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It's a new day at the Flower Show

Friendly labor cooperation means everything’s coming up roses this year. But will union picketers pull it into the weeds?

Workers from Valley Forge Flowers work on the Art Deco theater facade in the entryway Thursday, February 26, 2015 as they prepare for opening of Philadelphia Flower Show and its 2015 theme - "Celebrate the Movies."
Workers from Valley Forge Flowers work on the Art Deco theater facade in the entryway Thursday, February 26, 2015 as they prepare for opening of Philadelphia Flower Show and its 2015 theme - "Celebrate the Movies."Read moreTOM GRALISH / Staff Photographer

I HAVE A FAVOR to ask of the union members who've been picketing the Pennsylvania Convention Center:

Leave the Philadelphia Flower Show alone.

As in for real, guys.

If you're planning to disrupt the show the way some members of the Metropolitan Regional Council of Carpenters disrupted the Philadelphia Auto Show on Feb. 7 - don't argue they didn't; we're not idiots - please just don't.

Don't give a hard time to attendees, especially the sweet grannies arriving by bus, dressed in Alfred Dunner and comfy taupe shoes with Velco tabs.

If you make even one of these dear women feel guilty about entering the show, I'll beat you with a pussy-willow branch.

Don't buy tickets as a ruse to gain access to the show, either, only to make life hard for exhibitors. They've been planning for a year, and their handiwork is extraordinary. They deserve to enjoy the oohs and aahs of show-goers without worrying that one of you might "water" the orchids or "mulch" the roses.

It's time to give it a rest. You gambled by striking at the Convention Center last May - your second strike in a year - rather than abide by new work rules that any grown-up would find reasonable. Then your own leaders blew the deadline to sign a contract that would've let you stay employed at the center.

You've not been "locked out," as you claim. You stuck to your guns and shot yourselves in the foot.

I have an idea: Why not enter the Flower Show as an attendee? It'll mean crossing your own picket line, but you crossed it for the Auto Show, so what the hell.

Once inside, ask exhibitors if they've noticed a difference, now that the new rules are in place. That's what I did, and the answers I heard were unequivocal.

"In the past, they didn't always bring their 'A' team," said Robin Heller, co-owner of Flowers By David in Langhorne. She was in the midst of setting up her exhibit - a fantastic, 3,000-floral-stem depiction of a scene from the movie "Ratatouille" (in keeping with this year's Disney-movie theme). "There was a lot of hurry-up-and-wait for help. Someone would say they were coming over but then they'd go on break."

This year, she said, things have been handled in a jiff. Her hanging props (a chandelier and baker's rack) got set up in minutes. The water she needed to fill a large pool (a task that would've taken hours in the past) was delivered and poured in no time.

"We always had good relationships with the unions," said Heller, a 19-year Flower Show veteran. "We knew the rules. But this year there's a noticeable change. No one is crying!"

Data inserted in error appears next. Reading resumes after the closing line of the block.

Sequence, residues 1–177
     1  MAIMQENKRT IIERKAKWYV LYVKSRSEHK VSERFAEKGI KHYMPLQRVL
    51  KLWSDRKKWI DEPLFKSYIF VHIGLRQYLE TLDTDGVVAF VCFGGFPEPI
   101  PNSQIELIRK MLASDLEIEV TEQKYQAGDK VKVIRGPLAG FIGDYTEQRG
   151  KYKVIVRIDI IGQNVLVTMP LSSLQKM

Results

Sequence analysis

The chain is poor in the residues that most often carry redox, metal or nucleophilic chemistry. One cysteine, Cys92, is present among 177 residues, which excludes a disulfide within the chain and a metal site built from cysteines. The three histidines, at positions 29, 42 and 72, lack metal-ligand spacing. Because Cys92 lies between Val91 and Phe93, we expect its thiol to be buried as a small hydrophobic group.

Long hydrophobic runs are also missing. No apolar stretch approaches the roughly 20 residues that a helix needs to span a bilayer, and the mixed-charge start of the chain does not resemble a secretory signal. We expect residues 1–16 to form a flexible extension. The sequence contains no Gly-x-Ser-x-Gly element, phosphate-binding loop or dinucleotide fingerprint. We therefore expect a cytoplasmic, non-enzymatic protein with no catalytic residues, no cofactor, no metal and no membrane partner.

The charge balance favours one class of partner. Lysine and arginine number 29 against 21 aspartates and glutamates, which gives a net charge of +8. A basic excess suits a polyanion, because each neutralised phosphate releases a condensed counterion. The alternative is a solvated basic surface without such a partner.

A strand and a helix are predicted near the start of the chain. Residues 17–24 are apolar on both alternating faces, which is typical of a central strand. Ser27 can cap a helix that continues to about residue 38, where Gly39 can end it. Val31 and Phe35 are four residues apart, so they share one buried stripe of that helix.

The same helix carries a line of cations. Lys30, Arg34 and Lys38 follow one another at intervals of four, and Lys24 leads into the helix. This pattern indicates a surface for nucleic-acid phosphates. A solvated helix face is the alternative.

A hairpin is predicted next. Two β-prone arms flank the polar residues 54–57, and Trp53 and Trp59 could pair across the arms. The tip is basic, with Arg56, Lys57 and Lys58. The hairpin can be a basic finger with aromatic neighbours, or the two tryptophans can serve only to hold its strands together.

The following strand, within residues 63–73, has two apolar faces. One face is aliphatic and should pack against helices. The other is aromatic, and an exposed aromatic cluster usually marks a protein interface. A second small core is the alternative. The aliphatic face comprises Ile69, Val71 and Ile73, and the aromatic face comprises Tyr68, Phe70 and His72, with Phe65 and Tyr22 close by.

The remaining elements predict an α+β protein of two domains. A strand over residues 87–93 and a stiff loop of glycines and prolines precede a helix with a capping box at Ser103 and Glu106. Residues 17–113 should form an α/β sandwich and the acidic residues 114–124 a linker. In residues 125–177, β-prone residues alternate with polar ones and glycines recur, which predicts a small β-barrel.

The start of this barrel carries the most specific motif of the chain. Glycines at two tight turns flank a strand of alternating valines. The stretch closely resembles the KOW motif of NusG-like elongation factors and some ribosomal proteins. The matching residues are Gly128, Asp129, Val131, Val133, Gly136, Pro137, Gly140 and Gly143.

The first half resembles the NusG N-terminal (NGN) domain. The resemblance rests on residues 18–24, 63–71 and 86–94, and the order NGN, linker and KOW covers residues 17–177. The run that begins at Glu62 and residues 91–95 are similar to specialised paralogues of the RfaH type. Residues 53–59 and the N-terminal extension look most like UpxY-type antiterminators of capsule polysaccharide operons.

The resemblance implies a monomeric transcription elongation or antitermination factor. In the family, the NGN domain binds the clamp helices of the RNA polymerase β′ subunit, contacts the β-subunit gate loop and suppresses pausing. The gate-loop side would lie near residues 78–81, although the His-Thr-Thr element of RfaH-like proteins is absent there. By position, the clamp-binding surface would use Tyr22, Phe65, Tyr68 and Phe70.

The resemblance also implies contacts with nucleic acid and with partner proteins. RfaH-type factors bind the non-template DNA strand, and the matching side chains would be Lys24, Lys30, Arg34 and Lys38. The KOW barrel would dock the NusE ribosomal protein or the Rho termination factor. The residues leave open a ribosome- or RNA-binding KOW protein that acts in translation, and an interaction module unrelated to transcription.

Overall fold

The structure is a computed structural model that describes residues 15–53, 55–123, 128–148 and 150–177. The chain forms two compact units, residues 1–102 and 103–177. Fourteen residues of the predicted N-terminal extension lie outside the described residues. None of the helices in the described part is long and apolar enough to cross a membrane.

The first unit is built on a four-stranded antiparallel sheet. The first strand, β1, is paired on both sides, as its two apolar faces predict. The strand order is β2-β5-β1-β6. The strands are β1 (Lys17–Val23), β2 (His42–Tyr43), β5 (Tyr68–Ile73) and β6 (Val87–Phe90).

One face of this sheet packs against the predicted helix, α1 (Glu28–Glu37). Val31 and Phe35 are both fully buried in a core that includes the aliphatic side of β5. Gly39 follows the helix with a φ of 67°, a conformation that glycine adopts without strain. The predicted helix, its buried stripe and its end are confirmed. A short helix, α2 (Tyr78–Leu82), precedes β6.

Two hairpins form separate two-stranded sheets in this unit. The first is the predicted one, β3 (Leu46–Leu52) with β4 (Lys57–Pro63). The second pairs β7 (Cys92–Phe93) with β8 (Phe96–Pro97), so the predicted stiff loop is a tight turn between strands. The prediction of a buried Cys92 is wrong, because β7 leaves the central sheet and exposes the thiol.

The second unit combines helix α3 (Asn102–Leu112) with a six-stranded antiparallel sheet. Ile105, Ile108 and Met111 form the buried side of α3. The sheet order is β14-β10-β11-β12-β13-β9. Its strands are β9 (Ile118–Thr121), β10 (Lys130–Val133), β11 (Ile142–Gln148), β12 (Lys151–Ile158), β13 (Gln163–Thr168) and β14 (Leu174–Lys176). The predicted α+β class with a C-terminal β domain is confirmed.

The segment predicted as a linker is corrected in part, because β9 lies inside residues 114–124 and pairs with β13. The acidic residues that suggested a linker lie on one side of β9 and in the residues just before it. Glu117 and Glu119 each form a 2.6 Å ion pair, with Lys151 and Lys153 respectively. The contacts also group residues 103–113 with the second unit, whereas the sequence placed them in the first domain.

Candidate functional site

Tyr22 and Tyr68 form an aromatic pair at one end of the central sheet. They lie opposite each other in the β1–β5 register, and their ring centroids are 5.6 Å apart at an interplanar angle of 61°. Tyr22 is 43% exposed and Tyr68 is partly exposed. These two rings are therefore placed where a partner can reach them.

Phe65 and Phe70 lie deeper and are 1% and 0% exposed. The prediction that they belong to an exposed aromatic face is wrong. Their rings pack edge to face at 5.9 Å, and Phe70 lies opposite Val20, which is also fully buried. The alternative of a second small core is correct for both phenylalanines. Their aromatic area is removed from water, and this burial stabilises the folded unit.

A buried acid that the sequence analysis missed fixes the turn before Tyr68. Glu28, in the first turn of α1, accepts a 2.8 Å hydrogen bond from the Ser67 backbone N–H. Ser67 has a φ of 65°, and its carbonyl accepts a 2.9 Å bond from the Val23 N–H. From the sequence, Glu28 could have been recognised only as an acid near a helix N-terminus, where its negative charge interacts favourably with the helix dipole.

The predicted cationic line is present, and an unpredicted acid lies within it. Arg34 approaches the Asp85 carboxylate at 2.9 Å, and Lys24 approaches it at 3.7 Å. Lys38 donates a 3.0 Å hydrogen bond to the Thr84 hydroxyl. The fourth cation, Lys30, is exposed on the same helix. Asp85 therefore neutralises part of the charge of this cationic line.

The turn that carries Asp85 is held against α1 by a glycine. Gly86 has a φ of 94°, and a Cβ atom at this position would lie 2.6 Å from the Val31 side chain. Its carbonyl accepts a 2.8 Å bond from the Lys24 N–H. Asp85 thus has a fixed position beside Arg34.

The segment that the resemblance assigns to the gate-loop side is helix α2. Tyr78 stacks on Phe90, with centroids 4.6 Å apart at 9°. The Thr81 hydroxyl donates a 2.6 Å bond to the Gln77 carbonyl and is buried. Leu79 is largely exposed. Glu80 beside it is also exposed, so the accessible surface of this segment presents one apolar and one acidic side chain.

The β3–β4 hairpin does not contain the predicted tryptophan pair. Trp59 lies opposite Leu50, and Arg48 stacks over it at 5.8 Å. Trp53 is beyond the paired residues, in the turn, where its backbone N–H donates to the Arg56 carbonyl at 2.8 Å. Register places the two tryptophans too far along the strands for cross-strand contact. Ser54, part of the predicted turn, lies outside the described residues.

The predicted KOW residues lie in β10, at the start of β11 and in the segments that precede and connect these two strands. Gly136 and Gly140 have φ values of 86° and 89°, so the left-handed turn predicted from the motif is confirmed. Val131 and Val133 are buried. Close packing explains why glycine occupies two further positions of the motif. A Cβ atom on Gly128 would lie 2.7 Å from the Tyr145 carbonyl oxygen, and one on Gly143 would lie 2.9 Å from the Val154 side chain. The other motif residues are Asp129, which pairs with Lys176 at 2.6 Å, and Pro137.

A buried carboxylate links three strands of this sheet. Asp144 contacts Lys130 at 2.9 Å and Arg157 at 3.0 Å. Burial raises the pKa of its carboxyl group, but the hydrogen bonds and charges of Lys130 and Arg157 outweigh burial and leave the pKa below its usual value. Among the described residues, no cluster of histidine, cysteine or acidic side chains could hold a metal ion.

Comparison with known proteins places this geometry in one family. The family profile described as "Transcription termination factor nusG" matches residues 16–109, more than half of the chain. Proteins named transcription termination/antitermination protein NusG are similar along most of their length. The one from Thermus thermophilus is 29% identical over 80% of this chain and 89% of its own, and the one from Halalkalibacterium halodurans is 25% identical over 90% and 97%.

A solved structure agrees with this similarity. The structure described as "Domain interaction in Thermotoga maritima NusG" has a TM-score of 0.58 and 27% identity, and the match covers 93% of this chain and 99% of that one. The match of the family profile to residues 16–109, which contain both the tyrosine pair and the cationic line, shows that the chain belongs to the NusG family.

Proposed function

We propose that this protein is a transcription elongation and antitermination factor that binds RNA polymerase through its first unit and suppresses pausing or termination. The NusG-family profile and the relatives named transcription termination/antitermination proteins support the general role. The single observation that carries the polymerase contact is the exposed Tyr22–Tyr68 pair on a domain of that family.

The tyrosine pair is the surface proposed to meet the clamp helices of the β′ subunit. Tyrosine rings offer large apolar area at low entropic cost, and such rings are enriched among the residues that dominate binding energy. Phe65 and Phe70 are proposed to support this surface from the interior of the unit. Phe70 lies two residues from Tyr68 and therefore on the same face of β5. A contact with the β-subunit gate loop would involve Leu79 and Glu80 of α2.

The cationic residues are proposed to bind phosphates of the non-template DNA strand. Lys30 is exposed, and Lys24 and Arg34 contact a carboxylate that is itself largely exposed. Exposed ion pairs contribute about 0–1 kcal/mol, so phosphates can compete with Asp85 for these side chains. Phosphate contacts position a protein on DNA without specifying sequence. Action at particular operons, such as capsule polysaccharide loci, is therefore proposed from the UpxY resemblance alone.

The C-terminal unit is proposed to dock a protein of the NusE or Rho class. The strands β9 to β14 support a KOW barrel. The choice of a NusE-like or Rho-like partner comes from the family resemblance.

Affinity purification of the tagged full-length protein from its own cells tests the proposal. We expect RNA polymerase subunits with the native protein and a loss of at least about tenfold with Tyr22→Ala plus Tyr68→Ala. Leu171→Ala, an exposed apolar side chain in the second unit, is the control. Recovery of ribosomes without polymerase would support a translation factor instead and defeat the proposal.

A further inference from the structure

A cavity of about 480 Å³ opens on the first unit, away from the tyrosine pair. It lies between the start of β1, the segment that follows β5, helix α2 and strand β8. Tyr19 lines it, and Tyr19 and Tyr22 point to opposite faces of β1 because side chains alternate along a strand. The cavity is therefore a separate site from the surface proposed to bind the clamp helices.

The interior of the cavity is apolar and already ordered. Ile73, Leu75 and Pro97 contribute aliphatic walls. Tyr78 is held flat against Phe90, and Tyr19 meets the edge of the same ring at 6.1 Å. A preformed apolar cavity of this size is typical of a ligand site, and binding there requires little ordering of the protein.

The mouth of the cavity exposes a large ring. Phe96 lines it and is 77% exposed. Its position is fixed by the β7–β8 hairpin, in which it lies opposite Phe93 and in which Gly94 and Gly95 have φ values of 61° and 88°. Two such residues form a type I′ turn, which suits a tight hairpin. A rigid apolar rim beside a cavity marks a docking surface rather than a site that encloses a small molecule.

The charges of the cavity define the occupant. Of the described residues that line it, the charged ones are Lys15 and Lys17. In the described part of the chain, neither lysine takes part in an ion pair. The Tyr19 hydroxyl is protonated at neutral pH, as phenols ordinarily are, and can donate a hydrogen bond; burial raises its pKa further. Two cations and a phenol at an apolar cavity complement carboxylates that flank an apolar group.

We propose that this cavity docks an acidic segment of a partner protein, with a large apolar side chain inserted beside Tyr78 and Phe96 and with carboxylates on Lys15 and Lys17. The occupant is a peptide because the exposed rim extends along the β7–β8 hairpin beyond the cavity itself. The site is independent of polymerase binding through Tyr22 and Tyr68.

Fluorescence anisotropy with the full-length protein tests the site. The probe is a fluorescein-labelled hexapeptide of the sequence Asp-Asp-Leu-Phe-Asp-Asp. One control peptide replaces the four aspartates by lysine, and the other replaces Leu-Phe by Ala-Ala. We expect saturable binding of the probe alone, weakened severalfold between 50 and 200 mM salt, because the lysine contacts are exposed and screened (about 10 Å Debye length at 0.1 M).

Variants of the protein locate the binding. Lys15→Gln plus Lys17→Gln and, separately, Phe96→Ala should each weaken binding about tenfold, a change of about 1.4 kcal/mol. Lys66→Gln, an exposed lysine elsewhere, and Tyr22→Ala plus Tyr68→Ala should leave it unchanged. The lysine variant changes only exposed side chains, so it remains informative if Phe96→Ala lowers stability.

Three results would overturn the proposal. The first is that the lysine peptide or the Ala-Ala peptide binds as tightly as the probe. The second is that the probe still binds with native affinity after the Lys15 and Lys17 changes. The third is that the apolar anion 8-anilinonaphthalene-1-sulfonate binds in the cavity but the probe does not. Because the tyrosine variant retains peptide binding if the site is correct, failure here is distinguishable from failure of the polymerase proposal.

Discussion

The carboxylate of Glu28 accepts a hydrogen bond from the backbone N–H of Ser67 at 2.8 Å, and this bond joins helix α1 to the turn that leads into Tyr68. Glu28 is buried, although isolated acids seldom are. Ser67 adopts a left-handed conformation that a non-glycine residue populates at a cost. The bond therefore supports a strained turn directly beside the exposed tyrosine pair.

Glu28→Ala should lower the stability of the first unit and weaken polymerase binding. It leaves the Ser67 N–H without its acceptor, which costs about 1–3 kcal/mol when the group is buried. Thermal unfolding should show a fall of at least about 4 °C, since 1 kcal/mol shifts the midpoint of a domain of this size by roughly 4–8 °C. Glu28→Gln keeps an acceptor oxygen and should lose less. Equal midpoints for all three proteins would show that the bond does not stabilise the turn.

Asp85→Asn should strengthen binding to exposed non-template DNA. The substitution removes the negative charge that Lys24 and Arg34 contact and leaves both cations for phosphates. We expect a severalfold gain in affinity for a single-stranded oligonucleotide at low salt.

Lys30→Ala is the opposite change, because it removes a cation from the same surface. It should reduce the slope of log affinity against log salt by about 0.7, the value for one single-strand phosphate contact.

Michael Haschak told me that the overall personality of union workers has been better - "extremely better."

"Last year, I needed three simple IKEA shades hung from the ceiling," said Haschak, owner of Pure Design in Philadelphia. "The guy told me he had to go find wire. I said I had wire; he said he needed his own. It took him all day to find wire. He came back after 5 o'clock - when he'd get paid overtime."

This year, Haschak said, a worker who swiftly installed some hanging wood pieces was so remorseful about a barely noticeable mistake he'd made, he bought Dunkin' Donuts and coffee for Haschak.

"I told him it wasn't a problem - it was a section I was covering with fabric. He brought all of us coffee and donuts anyway," said Haschak. "He didn't have to do that; he doesn't even know me."

No one deserves love from laborers more than Flower Show exhibitors do. They don't make a penny on their exhibits, using the stipend they receive from the Pennsylvania Horticultural Society (the show's organizer) to buy flowers, props and extra help.

They also dig into their own pockets and solicit help from fellow floral artists to create their masterpieces.

Take Bill Schaffer and Kris Kratt, husband-and-wife owners of Schaffer Designs in Northern Liberties. When I visited them on Thursday, they were surrounded by 47 floral designers who'd traveled to Philly from three countries and 20 states, on their own dimes, to help Schaffer recreate spectacular scenes from "The Nightmare Before Christmas."

"We are on schedule and on time because the unions are doing their job," said Schaffer as a volunteer painstakingly attached 3,000 individual dendribium orchids - imported from Thailand- to a single hanging sculpture. "We couldn't do any of this without them."

He sounded absolutely joyful, as did all the exhibitors I met. For one week out of every year, they get to create their own floral dreams instead of the dreams of paying clients. And the results are more unique and astonishing than anything you'll see from 1-800-FLOWERS.

They deserve the excellent service they're enjoying from laborers who seem genuinely committed to a new culture of respect and cooperation at the Convention Center.

On their behalf, picketing union members, I ask you to behave. It's shameful that a judge had to issue a permanent injunction, after your Auto Show hijinks, barring you from harassing or interfering with people entering the Convention Center or from engaging in protest activity inside.

Please respect the order, and then stop in to smell the roses, peonies, tulips and orchids.

They're sublime.

Phone: 215-854-2217

On Twitter: @RonniePhilly